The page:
Esque

Part insert, part cover (thanks to the die-cut heavy duty outer shell), this glossy sleeve to Esquivel and His Orchestra’s 1962 classic, and Space Age Pop essential, Latin-Esque give an in-depth look into the technical advances in the recording of this album. It’s an interesting read, and remember kids, this is 1962.
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As she goes, “This album represents, to the best of our knowledge, the first time in the history of stereo recording in which absolute separation of channels has been achieved.” Click on the photo to continue reading.

DAYO

Calypso, Harry Belafonte’s third album, is an exciting and turbulent ride. It precedes Jump Up Calypso, my personal favorite, by about five years, and is pure, unquestionable, Belafonte gold. Both figuratively and literally, having officially reaching Gold status, and it was the first LP in history to sell over one million copies. Don’t believe me? Check the cover. “One of the Biggest-Selling Albums of All Time… Says it all, mate!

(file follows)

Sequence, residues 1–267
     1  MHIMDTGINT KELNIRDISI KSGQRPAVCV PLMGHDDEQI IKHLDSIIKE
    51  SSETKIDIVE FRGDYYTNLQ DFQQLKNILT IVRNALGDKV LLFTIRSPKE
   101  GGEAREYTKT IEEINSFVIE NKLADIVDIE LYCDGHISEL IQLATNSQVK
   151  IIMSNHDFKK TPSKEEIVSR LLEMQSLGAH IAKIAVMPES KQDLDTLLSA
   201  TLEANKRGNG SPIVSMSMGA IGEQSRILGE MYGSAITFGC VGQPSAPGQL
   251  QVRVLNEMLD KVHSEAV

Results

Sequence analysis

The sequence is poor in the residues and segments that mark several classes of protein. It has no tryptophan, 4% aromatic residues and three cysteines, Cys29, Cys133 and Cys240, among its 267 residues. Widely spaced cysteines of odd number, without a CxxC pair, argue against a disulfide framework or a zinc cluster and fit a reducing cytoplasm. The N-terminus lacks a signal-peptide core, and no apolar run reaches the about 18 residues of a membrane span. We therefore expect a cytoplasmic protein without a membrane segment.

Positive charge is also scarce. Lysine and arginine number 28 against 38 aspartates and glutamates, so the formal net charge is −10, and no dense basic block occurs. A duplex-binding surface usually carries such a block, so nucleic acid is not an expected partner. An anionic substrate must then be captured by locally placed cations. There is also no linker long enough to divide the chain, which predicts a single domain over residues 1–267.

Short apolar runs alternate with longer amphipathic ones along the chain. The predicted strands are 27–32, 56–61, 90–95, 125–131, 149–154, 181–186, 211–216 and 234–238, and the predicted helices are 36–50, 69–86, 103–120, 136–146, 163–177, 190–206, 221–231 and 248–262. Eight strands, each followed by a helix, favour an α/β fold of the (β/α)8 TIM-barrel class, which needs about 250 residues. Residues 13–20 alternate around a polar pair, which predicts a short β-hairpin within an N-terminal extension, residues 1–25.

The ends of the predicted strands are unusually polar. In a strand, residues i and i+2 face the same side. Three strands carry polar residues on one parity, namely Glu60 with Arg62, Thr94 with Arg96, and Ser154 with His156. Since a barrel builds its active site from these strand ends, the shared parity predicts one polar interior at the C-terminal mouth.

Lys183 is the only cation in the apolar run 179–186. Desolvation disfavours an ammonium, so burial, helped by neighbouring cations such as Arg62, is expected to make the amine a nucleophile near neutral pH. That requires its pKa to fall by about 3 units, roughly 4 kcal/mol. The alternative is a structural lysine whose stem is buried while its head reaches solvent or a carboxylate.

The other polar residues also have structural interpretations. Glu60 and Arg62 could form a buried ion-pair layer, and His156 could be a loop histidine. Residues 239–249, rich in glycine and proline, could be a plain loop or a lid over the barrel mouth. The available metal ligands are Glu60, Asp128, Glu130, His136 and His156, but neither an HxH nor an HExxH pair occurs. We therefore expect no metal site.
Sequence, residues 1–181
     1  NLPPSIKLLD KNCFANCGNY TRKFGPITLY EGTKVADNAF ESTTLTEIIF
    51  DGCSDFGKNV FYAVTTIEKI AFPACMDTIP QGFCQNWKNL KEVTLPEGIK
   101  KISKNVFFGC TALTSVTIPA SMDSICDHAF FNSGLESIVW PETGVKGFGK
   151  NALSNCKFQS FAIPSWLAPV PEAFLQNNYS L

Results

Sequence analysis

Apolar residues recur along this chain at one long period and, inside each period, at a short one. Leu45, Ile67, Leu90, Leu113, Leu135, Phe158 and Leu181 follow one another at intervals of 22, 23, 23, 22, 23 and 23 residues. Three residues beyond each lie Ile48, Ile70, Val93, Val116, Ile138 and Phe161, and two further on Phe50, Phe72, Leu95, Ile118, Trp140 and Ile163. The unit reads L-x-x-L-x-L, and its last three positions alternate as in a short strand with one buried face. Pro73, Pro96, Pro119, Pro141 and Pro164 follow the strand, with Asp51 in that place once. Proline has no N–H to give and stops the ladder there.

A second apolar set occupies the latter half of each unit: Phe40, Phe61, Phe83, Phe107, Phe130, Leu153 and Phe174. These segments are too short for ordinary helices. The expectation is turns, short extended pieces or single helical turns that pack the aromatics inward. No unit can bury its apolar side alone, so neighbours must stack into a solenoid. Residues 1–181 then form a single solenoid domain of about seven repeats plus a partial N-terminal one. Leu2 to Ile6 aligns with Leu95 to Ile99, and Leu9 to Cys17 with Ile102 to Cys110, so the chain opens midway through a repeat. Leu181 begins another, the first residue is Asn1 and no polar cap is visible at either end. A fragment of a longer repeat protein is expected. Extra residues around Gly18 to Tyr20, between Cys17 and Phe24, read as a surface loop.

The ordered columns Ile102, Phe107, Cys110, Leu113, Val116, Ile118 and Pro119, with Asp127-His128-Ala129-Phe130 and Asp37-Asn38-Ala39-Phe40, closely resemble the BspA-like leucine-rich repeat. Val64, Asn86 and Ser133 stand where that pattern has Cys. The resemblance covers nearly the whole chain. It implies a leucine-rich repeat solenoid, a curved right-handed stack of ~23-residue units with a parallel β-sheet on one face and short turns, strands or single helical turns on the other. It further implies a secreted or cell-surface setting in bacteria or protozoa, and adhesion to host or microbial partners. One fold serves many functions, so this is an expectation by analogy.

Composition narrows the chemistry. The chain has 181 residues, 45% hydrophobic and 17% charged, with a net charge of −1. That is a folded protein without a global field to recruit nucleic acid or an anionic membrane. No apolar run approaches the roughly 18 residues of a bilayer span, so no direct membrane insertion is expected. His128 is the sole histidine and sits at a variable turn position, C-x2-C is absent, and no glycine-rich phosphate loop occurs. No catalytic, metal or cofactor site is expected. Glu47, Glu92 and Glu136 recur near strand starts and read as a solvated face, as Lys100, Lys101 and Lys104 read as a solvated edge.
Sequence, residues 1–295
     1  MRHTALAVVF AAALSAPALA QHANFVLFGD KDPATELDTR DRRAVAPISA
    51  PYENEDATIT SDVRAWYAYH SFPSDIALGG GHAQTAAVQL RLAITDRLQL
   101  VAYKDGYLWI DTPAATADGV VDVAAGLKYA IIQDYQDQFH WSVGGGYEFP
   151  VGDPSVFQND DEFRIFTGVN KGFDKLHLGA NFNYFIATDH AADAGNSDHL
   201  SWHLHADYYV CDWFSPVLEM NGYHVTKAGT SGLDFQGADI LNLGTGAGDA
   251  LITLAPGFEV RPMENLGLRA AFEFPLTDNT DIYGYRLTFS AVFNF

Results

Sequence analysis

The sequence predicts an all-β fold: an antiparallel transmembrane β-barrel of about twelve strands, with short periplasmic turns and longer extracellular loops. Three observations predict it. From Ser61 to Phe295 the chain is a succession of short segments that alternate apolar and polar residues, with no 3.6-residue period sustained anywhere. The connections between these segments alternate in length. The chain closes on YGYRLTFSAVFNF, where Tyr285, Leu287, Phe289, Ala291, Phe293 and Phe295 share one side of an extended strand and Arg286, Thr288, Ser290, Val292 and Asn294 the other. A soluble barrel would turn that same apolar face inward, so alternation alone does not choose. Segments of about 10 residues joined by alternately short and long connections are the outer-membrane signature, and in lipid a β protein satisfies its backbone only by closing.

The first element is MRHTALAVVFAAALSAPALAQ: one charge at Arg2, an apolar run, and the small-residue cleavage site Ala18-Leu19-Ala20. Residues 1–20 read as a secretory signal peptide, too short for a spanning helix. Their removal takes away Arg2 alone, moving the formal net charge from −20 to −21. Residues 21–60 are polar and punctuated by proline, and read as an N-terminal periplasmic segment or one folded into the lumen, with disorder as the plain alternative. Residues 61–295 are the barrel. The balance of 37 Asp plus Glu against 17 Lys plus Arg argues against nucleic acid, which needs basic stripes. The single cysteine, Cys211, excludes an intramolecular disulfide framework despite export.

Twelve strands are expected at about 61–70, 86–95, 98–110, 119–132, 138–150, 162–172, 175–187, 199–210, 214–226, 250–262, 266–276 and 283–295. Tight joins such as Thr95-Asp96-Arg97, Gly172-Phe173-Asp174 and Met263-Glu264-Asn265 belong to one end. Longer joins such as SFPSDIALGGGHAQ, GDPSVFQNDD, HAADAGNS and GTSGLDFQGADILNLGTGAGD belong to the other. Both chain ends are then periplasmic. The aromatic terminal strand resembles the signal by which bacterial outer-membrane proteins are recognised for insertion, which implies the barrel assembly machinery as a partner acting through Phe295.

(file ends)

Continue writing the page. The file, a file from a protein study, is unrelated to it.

$0.92… Folk That!

BelaI was a little apprehensive upon finding Harry Belafonte’s first album in the $1 bin at my local brick & mortar today. I mean, she’s been widely distributed, enjoyed, and redistributed over the past 62 years (1954 -2016), and as a result, she’s a bit beat-the-shit-up. SEVERAL skips marinate the vocal forthcomings of this majestic record, but I still don’t question the trade of my GW. Not only because it’s Mr. Belafonte’s first, but because it’s that damn good.